What Alfredo Roberts was to the tight end room last year, new WRs Coach Frisman Jackson might be to the Pittsburgh Steelers’ receivers this season. Jackson replaced Ike Hilliard, not brought back after two years with the team, and brought a blend of recent college and pro experience. Each coach has their own flare, own style, even if the overall structure is the same. Though Jackson wasn’t with the team last year, he’s aware of one of the room’s most underrated issues. Blocking.
Wide receiver blocking is lower on the list of things you look for out of a group. But coaches don’t pick and choose and rank. It’s all important to them. It makes up one part of the complete job description. As our own Tyler Wise pointed out time and time again last year, Pittsburgh’s wide receiver blocking was…lackluster, if we’re being kind, and actively hurt an already hamstrung run game. Here’s just one such example Wise pointed out, a lack of effort from Claypool that could’ve extended this Najee Harris run.
One play to sum up the general theme of last year’s issues. By nature, Harris isn’t an explosive runner and the Steelers’ offensive line was largely a mess. Perimeter blocking from the receivers are often the difference between a good and great run and they did Harris nor the line any favors.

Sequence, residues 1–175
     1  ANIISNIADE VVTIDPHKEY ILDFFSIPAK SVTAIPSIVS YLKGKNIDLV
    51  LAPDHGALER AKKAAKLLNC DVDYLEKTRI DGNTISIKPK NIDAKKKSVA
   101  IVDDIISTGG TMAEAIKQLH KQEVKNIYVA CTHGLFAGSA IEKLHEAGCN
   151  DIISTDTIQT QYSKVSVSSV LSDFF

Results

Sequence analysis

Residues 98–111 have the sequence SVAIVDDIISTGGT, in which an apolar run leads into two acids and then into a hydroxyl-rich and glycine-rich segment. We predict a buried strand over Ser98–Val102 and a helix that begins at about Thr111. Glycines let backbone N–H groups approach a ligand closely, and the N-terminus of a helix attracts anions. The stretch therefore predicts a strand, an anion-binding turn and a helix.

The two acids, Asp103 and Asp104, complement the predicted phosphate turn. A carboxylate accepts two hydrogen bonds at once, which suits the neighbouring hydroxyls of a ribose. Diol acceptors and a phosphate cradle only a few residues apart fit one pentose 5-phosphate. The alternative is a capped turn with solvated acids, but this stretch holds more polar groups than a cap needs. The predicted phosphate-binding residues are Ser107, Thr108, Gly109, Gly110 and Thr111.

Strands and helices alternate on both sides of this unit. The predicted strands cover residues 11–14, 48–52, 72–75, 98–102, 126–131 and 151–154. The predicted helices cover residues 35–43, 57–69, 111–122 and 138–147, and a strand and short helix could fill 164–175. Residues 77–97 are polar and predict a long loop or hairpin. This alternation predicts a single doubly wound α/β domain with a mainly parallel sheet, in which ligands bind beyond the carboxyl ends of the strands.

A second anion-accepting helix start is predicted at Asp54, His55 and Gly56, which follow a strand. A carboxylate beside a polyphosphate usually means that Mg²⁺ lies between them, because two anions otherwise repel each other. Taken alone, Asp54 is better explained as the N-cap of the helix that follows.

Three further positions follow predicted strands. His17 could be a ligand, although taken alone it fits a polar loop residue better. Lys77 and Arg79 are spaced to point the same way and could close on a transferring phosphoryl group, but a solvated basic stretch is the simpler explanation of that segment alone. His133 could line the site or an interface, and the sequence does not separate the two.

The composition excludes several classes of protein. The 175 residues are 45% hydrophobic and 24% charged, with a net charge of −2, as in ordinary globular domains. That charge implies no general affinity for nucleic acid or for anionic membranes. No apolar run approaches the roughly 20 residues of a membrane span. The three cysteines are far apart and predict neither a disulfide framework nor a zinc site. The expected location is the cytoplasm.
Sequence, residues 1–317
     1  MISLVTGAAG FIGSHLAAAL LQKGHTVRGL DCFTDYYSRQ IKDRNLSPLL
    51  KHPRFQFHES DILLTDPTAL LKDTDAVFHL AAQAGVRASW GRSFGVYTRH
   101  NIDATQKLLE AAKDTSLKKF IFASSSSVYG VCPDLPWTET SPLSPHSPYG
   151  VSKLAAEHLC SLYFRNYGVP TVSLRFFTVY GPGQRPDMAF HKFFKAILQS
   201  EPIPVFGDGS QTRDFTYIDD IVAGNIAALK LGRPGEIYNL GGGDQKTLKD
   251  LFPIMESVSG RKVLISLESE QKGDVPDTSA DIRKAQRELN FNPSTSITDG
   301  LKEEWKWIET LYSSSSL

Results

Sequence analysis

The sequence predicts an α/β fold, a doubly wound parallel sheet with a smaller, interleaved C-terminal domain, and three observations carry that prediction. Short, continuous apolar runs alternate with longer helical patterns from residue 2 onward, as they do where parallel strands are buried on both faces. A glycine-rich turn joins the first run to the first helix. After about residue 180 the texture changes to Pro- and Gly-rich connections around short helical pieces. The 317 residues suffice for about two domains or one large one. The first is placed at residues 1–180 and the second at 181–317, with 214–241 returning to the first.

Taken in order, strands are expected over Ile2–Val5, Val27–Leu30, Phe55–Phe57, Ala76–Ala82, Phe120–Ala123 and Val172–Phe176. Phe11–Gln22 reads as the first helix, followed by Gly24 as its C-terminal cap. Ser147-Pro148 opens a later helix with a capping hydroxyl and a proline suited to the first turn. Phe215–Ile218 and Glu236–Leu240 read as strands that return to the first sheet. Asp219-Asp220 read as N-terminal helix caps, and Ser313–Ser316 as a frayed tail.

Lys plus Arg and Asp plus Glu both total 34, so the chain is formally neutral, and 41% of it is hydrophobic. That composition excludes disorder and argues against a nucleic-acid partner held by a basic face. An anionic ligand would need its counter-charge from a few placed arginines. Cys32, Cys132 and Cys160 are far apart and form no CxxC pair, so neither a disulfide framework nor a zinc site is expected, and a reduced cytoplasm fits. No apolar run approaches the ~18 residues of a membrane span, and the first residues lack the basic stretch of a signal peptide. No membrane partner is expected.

It’s obvious Jackson’s taken notice of the problem. Now he’s trying to solve it. More than ever, Jackson has the receivers working on run blocking during their positional/individual drills. Seeing a stalk block drill at camp isn’t new – that’s done every single year. But Jackson’s taken it to another level. Earlier in the week, the receivers hit the blocking sled, a drill normally conducted by the tight ends. But each receiver, from George Pickens to Tyler Snead, received a rep.
But that’s not the only example. They’ve done bag drills with receivers “blocking” Jackson and assistant coach Blaine Stewart. Of course, they did the stalk block drill earlier this week on Tuesday, one on one with CBs trying to block/defeat the block as a receiver runs past. The receivers did well, even the tiny Tyler Snead, who put Chris Steele on the ground one rep. Separately, Jackson got on Pickens’ case one day earlier in the week for a perceived lack of effort as a blocker. Pickens responded the next day with better results.
Like Roberts had in the tight end room last year with Pat Freiermuth and Zach Gentry, this is a young group of receivers. Chase Claypool still in his third year with a pair of rookies in George Pickens and Calvin Austin III, two guys, especially Pickens, who could be counted on quite a bit. Jackson’s task is to grow this group up, and fast, all while the Steelers adjust to their first QB chance in nearly two decades. But for this offense and for this team to succeed, they’ll have to greatly improve their run game. At the least, their WR blocking should be better than where it was a year ago.